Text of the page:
I'd been too blinded by my admiration for hummus to ever notice it's cousin Mr. Baba. Gloriously smokey and smooth this dish is so creamy and yummy. The best version I've had(although, truth be told it's also the only version I've had) is at Akdeniz, a Turkish restaurant that Kitchenette and I have been to twice. Nicely warmed and pooled into a large bowl/dish it's topped with a tomato-based stew of either chicken or beef. To me though, the stew is merely a distraction. It's Mr. Baba I come to see. But he's an expensive date. For that gustatory pleasure, it's about $15-16 dollars. So does anyone know of any good baba ganoushes I can purchase at the grocery store? And is it traditional that they serve it warm? Because I have to tell you, I don't know if I would like Mr. Baba nearly as much if he were chilled.
Being cheap and adverse to risk, I usually order from a limited selection of my favorites whenever I'm at an Indian restaurant (chicken tikka masala, chicken vindaloo, saag paneer, vegetable korma, etc). But BUFFETS are a whole different story. They rock! This one restaurant near my apartment has an amazing weekend brunch spread. Luis and I go to this brunch at least once a month. Each time, I've noticed this appetizer of crunchy potato chip look-a-likes that get doused with yogurt sauce, chick peas and potatoes and a green sauce. It was never really compelling enough for me to try until one day when after my third plate of chicken vindaloo I decided to branch out. This stuff is TERRIFIC!!! It's crazily crunchy, both sweet and sour, and just this huge party of flavors. It's bold, brash and unique. Apparently there are also a wide variety of chaats in existence with restaurants putting their own spins on the dish?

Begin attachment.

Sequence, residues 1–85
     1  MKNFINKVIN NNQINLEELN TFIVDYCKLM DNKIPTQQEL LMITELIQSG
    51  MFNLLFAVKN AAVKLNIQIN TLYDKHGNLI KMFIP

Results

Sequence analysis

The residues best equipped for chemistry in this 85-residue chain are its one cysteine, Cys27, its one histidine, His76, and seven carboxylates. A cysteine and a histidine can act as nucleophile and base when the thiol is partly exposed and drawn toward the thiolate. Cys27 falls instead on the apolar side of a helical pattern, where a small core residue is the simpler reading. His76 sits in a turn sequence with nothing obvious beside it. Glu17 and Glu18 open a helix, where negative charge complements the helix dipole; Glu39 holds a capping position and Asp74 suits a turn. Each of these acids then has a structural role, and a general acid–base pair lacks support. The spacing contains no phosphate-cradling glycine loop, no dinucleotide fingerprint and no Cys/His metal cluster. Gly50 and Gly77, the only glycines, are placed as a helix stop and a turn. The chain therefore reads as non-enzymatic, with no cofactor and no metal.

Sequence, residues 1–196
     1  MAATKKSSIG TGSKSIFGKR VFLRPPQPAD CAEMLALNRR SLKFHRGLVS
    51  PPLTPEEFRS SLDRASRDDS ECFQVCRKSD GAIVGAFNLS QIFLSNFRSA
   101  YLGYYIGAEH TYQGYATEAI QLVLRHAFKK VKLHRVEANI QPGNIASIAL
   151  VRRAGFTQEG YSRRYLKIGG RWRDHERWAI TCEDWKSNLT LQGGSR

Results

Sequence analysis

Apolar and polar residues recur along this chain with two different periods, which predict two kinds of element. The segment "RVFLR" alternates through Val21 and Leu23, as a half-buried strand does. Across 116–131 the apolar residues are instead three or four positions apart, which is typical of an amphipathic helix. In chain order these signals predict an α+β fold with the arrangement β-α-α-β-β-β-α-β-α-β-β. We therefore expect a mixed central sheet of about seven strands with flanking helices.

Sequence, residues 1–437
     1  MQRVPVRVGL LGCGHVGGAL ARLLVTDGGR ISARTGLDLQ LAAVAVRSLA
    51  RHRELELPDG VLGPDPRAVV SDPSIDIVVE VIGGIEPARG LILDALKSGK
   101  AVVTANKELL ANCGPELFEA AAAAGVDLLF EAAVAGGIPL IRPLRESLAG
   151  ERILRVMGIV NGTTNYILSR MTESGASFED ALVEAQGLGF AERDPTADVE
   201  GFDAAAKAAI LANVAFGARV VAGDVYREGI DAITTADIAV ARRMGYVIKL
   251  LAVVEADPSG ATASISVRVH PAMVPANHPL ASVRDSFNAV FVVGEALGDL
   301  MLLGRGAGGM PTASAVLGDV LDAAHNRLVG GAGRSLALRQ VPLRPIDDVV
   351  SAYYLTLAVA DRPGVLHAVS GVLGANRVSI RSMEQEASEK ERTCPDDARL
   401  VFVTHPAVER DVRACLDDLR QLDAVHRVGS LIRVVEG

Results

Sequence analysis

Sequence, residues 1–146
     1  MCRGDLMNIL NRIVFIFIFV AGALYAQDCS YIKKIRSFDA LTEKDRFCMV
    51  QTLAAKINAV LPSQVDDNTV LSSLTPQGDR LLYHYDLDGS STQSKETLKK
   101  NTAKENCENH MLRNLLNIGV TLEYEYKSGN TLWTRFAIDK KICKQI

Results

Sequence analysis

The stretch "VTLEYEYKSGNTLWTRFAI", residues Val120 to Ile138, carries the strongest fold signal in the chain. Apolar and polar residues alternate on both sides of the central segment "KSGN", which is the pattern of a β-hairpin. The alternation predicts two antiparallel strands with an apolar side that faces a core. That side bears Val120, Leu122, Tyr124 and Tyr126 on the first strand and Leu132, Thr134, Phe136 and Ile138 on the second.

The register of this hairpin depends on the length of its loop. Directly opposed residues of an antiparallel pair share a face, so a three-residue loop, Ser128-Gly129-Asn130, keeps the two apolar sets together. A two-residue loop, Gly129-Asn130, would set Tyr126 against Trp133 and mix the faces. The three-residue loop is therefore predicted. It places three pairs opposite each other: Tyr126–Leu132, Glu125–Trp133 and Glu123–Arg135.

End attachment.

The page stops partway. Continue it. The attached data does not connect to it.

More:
Anyway, if you haven't ever tried either of these. I highly recommend them. Although I really do think the baba ganoush must be better warm rather than cold.
(photo from www.channelm.ca)